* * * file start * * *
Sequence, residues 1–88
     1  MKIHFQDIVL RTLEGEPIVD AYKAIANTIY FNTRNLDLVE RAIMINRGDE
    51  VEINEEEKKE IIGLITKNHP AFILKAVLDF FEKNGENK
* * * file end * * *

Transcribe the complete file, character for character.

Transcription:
Sequence, residues 1–88
     1  MKIHFQDIVL RTLEGEPIVD AYKAIANTIY FNTRNLDLVE RAIMINRGDE
    51  VEINEEEKKE IIGLITKNHP AFILKAVLDF FEKNGENK